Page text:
Acute respiratory viruses are a major cause of morbidity and mortality in humans worldwide and most acute respiratory infections are caused by viruses. Many of these viruses cause the highest burden of disease in specific risk groups such as young infants, the elderly, and immune-compromised individuals. Although the most important respiratory viruses of humans have been identified in the last century, in the past decade about a dozen "new" viruses have been discovered that may cause a high burden of acute respiratory disease in humans. Not only viruses were discovered that must have been with humans for many decades or centuries, such as human metapneumovirus and 2 different human coronaviruses, but also viruses that are truly new for humans and have emerged as a result of recent interspecies transmissions from other mammalian or avian reservoirs. The latter include highly pathogenic avian influenza viruses, severe acute respiratory syndrome (SARS) coronavirus, and Nipah virus. The discovery, etiologic role, and burden of disease caused by these infections are described. Copyright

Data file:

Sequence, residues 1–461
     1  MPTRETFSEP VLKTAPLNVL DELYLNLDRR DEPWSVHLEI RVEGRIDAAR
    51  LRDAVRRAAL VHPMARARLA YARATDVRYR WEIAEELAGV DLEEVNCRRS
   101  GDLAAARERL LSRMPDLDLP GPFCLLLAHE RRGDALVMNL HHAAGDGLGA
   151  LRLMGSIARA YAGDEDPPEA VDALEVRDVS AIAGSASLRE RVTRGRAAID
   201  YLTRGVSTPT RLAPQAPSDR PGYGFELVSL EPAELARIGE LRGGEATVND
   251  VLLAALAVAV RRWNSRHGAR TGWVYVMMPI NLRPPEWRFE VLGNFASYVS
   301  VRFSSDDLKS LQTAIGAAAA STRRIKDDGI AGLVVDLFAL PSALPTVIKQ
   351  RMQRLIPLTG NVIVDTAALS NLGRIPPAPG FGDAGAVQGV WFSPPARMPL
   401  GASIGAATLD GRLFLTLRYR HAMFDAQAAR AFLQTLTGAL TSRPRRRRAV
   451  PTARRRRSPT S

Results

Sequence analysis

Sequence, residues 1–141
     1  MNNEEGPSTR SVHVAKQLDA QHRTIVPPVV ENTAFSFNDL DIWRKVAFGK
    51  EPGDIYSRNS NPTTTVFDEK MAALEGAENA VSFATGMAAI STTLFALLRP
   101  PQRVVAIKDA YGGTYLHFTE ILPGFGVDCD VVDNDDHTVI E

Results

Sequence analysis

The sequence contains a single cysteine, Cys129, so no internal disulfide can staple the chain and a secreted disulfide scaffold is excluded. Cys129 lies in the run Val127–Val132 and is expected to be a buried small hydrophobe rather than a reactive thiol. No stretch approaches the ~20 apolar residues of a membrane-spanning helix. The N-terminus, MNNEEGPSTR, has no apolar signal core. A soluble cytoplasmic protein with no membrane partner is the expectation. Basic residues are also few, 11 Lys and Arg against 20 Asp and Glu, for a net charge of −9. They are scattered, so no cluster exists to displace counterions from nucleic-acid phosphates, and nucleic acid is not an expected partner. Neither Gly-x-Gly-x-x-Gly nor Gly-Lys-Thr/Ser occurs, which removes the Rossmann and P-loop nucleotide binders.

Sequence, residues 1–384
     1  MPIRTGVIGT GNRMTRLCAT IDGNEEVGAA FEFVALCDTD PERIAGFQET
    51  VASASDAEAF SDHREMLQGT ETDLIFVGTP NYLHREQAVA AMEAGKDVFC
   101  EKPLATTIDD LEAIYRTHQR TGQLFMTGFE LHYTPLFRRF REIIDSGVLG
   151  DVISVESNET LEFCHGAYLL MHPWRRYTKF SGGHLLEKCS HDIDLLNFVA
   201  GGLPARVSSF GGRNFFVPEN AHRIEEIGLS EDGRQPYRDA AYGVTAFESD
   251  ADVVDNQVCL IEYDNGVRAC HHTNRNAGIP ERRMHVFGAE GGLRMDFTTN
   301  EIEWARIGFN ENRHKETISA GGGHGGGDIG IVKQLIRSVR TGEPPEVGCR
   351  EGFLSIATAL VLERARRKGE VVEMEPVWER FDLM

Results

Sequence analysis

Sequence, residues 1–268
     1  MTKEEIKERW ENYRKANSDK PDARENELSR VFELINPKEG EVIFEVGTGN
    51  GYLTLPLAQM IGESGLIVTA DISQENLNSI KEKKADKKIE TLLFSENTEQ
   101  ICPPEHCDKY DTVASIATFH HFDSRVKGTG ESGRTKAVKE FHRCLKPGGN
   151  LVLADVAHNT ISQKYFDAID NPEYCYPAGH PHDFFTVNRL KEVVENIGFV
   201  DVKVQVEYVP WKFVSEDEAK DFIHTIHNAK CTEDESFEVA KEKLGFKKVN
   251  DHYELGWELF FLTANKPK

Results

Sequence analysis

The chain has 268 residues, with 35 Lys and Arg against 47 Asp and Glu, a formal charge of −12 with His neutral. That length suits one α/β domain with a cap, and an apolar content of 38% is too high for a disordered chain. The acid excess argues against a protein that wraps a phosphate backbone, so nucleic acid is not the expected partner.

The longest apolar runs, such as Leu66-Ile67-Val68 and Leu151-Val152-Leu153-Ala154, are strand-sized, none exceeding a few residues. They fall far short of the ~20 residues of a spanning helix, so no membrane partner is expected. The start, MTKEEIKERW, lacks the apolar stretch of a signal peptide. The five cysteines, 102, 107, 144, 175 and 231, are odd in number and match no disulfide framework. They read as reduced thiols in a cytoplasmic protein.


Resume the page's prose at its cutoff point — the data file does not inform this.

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The Pediatric Infectious Disease Journal
Erasmus MC: University Medical Center Rotterdam

Osterhaus, A. (2008). New respiratory viruses of humans. In The Pediatric Infectious Disease Journal (Vol. 27). doi:10.1097/INF.0b013e3181684d7c